Wrestling with Windows Server Core

Windows Server Core is a stripped-down build of Windows Server 2008 which lacks most of the GUI. It’s a great idea: more lightweight, less to go wrong, and as the Unix folk have always said, who needs a GUI on a server anyway?

That said, the Windows culture has always assumed the presence of the GUI and most of the tools and utilities out there assume it. This means that you can expect some extra friction in managing your Server Core installation.

I recently attended a couple of Microsoft conferences and one of the things I was trying gently to discover was the extent of the take-up for Server Core, and to what extent hardware vendors such as HP had taken it to heart and were no longer assuming that all their Windows server customers could use GUI tools. I didn’t come away with any useful information on the subject, though perhaps that in itself says something.

I’ve been using Hyper-V 2008 R2, which is in effect Server Core with just one role, and a recent experience illustrates my point. After considerable effort (and help from semi-official scripts) I managed to get Hyper-V Manager working remotely, in order to create and manage the virtual machines. However, I ran into an annoying problem. There are three physical NICs in this box, and the idea was to have one for the host, and two others for virtual switches (for use by guests). Somehow, probably as a result of an early experiment, the virtual switch configuration got slightly messed up. I only had one virtual switch, and when I tried to create a second one on an otherwise unused NIC, I got the message:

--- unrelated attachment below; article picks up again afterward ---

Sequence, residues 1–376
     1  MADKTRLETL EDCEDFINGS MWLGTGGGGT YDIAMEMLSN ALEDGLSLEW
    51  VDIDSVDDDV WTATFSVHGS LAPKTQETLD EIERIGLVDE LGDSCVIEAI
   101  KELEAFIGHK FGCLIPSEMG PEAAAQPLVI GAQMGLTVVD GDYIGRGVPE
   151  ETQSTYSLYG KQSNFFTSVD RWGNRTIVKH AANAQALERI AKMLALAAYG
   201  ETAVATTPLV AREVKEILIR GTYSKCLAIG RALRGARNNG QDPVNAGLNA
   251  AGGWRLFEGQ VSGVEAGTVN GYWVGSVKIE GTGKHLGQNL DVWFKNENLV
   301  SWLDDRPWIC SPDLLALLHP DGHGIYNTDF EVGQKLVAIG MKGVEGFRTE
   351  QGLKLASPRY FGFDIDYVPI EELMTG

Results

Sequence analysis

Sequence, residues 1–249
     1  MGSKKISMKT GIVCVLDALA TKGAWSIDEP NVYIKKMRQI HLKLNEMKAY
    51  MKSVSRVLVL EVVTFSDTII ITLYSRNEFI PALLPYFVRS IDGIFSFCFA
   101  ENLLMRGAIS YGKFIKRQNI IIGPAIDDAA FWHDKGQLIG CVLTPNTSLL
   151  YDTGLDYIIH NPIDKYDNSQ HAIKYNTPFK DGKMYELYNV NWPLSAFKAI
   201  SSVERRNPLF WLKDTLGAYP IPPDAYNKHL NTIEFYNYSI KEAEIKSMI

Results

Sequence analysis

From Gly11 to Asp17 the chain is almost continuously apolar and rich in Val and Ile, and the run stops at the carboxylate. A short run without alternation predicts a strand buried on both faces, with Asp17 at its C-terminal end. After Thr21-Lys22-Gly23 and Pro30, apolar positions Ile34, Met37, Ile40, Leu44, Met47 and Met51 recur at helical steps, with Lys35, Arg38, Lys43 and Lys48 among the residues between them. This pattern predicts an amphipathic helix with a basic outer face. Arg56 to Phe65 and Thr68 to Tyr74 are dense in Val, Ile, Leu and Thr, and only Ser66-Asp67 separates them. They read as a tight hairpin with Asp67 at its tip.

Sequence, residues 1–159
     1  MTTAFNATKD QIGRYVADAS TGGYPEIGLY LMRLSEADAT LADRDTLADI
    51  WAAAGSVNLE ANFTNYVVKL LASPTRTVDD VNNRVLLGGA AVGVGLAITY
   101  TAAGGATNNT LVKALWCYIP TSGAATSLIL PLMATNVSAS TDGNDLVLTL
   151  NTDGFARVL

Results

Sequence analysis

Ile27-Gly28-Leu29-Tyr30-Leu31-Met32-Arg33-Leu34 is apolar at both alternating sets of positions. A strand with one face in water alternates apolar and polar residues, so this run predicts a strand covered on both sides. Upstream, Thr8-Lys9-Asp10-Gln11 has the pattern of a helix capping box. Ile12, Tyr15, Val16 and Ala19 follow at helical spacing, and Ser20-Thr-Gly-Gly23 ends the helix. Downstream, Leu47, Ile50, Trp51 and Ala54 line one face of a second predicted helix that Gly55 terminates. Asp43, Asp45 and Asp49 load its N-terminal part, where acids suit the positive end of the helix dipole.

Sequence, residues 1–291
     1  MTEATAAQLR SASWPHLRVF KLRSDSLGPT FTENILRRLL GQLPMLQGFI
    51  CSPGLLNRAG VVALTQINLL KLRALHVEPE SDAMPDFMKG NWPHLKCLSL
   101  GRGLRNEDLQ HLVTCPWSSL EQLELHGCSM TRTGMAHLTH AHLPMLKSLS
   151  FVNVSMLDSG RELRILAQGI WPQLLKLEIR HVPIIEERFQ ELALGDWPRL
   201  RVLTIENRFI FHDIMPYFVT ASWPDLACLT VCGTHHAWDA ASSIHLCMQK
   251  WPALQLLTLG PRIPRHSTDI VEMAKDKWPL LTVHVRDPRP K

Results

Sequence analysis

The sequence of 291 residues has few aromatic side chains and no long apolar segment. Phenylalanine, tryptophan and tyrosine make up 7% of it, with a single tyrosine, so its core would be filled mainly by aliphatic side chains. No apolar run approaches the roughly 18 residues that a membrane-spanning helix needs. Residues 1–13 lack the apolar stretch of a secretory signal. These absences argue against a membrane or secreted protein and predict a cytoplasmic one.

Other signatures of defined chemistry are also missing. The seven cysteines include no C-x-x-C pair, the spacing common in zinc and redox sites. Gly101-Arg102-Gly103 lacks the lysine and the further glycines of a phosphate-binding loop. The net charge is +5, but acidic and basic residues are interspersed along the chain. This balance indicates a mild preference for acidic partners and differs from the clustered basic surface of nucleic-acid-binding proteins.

Cannot bind to [Network connection name] because it is already bound to another virtual network.

That wasn’t the case as far as I could see; but that was no consolation.

The problem led me to this blog post which says that, if you are lucky, all you need to do to resolve it is to remove the binding to Microsoft Virtual Network Switch Protocol from the affected network connection. To do this, just open Local Area Connection Properties … but wait, this is Server Core, I don’t have a Local Area Connection Properties dialog.

Luckily, the guy has thought of that and says you can use the command-line tool nvspbind.exe instead. Great. But where is it? It has a page on MSDN which documents the tool, authored by a member of the Hyper-V team called Keith Mange, but there is no download. How infuriating can you get? There are a few desperate requests for a download link, and a comment “Unfortunately the nvspbind is no longer available for download”, and that is that.

All was not lost. I poked around Mange’s other downloads on MSDN and found two other utilities, nvspscrub.js and nvspinfo.js. Nvspscrub.js is a tool of last resort: it removes all the Virtual Switch bindings and deletes them from Hyper-V. I did not want that, because my first virtual switch was working fine. However, I figured I could modify Nvspscrub.js just to delete the one that was troublesome. I modified the script, deleted most of the code that modified the system, and added an if condition so that only the device with the GUID which I specified would be unbound.

It worked first time, and I was able to create my second virtual switch.

Still, the fact that this problem is known, and that the only documented cure (that I can find) is in a blog post which refers to a tool that has been pulled, suggests to me that this stuff is not yet mainstream.

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